Hathaway: The four of us were taken out to this restaurant in Calgary by the producers, and I remember sitting there and looking at beautiful Heath, and Jake, and Michelle, and it hit me that we were all under 25. It’s funny how recent it was, but at the time we were very far away from this burgeoning humanist moment that we’re having now with gay rights. And it felt like a very big and important step—a statement about love, about the need for love, about the consequences of limiting people. And I was just so blown away that these four 25-year-old kids could bring this to life, especially the three of them.
Ossana: Every crew I’ve filmed with in Canada has been very devoted and determined to do a good job, but on that set several of the crew came up to me early in the filming and confessed to me that they were gay, and how powerfully the script had affected them.
Gyllenhaal: That line [“I don’t know how to quit you”] has moved, it has been mocked, it has been everything in between, but I remember coming out of that scene, off that ridge of the hill, and seeing a number of the crew, some of whom didn’t even know what the movie was about, crying. When I first read that line, I was like, What is that? Now I realize that anybody who has loved knows what that feels like. The interesting part of casting us at such a young age was that we didn’t completely understand what we were involved in, and that’s the beauty of the movie as well.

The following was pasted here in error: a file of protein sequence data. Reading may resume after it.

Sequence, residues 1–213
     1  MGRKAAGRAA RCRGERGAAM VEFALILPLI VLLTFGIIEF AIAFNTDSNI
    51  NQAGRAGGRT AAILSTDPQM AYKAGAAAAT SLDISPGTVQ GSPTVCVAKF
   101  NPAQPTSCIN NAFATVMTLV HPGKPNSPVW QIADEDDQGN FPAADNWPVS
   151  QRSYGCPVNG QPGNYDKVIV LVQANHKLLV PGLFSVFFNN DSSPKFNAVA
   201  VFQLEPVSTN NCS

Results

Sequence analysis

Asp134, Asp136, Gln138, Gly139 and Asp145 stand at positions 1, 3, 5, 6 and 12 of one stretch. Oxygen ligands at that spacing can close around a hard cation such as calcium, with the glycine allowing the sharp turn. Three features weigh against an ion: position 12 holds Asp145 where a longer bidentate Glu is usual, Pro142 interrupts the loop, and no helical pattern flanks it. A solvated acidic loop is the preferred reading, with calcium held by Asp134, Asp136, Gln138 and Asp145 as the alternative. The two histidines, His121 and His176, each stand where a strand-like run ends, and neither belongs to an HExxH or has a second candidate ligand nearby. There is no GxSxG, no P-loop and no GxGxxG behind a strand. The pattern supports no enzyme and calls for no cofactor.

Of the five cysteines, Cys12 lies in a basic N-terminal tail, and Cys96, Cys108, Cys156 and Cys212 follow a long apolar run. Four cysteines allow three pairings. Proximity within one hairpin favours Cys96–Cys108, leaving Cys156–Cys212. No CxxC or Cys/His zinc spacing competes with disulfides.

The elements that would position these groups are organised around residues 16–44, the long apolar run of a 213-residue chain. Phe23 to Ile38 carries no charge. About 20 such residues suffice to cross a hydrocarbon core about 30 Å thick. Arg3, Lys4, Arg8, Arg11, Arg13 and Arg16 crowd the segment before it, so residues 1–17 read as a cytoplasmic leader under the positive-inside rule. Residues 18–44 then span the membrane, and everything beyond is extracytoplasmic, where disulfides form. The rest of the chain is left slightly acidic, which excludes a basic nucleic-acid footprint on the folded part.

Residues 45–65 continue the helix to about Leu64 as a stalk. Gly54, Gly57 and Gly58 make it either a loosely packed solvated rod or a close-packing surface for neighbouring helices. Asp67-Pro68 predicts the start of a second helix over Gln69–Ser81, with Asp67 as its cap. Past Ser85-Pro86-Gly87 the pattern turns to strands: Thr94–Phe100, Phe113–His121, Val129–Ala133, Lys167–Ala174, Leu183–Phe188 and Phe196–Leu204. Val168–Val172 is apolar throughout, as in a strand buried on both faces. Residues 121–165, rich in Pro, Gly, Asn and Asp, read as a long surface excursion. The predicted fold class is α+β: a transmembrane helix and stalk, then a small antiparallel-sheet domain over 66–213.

Ossana: Heath and Jake were very different in their approaches to their characters, and their method. Jake would give many options—he’d do each take slightly differently every time. But Heath would do it the same each time, because he was that character.
Gyllenhaal: What Ang took and manipulated in the most beautiful way is those techniques we have as actors—one of us more improvisational, and the other more strict in his approach. So there are all these intricate things happening, where Ang’s taking who we are as actors and putting them into the characters, and taking pieces of our personality as well. On the set, that proved to be really interesting at times, and also, at times, really frustrating, for both of us.
Ossana: When we did night shoots and everybody was exhausted, between takes Jake would start singing show tunes, and he would do an impression of a big-time mogul producer—he was hilarious. It had a very familial feeling.
Lee: The night we filmed the scene by the river where they talk about Ennis’s childhood, Jake was in a mood to improvise a little bit, and deviate from his lines, and Heath just got really upset—really upset, like his whole progress was disrupted. Jake is more of an improv actor—try this, try that—but Heath’s preparation was really deep. He kept his teeth clenched and his face scrunched up for about two months—he didn’t let go. That’s why some people complained that they couldn’t hear what he was saying. He had to shoot a light-hearted comedy right after we wrapped—Casanova. He told me he just needed to unwind.